Package tours giant Tui tapped the markets for up to €400 million (£347 million) on Friday as the Government proposed a "traffic light" system to potentially allow Britons to resume holidays abroad from May 17.
Europe's largest travel company said it is to raise €350 million (£304 million) via a convertible bond, with the option to for a further €50 million (£43 million). It will sell senior unsecured convertible bonds due in 2028, which will come with a hefty interest rate of between 4.5% and 5% per year, payable semi-annually in arrears.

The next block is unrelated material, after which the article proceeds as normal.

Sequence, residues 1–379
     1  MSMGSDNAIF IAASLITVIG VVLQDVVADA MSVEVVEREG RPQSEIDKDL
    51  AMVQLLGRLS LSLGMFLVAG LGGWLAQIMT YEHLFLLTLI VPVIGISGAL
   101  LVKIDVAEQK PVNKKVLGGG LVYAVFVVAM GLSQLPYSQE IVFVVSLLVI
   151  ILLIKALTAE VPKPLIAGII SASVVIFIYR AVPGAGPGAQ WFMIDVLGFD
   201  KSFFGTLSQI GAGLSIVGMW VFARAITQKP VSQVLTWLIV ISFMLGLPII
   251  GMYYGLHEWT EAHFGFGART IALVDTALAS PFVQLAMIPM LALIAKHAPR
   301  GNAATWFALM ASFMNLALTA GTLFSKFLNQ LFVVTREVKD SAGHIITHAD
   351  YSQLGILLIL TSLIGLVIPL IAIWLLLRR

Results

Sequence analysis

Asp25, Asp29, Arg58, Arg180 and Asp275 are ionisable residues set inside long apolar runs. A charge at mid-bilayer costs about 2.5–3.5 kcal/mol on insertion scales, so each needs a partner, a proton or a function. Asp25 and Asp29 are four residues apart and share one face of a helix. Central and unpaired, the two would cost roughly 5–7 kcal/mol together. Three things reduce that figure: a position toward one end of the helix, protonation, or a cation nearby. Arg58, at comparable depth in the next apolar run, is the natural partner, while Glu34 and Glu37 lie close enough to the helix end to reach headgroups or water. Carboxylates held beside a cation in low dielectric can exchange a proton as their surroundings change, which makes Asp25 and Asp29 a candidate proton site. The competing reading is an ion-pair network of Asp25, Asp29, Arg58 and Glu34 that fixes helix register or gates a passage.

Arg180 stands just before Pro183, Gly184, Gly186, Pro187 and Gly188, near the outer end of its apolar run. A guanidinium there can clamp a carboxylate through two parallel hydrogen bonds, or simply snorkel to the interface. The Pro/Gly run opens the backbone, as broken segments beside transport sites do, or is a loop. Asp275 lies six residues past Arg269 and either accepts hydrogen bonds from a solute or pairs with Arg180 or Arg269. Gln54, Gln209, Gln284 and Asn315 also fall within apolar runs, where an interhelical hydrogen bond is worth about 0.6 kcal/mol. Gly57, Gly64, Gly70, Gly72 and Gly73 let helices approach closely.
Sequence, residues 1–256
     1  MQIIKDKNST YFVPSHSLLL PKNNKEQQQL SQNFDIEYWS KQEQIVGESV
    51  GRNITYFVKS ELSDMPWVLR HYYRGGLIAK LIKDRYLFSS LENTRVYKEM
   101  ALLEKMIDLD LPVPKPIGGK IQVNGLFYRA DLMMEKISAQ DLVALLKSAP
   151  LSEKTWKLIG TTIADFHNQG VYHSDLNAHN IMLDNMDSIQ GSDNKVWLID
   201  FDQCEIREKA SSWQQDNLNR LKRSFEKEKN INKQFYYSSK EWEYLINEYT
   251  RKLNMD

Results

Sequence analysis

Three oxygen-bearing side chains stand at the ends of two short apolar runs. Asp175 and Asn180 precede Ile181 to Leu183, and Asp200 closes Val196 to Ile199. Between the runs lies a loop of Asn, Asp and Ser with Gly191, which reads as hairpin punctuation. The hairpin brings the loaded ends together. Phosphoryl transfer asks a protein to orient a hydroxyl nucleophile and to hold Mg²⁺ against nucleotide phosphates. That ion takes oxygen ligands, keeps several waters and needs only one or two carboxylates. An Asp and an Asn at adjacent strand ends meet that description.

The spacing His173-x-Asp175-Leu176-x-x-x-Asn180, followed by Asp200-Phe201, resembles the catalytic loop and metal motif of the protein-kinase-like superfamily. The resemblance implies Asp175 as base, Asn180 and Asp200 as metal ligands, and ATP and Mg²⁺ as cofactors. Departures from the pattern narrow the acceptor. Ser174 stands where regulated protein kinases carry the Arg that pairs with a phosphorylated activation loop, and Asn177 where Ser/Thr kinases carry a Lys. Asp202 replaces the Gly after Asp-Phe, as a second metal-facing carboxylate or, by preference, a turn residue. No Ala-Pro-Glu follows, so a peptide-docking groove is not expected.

The Germany-based group, which lost €3 billion (£2.7 billion) last year after being devastated by Covid travel bans and lockdowns, said it "intends to use the proceeds... to further improve its liquidity position as the Covid-19 crisis continues, and subsequently for the repayment of existing financing instruments".
Tui has slashed around a third of its workforce since the pandemic hit, has received bailouts from the German government and recently brought in cost-cutting measures that will strip the business of a further €100 million in costs.
Underthe government’s proposed plans, countries would be rated green, amber and red, with high-vaccine rate destinations such as Israel and Malta likely to be on the "green list".
But whatever their destination, tourists will have to pay as much as £100 after their return for one or more Covid-19 PCR tests, and travel industry leaders have warned this could deter holidaymakers.
Shares in Tui were down 6% in early trading.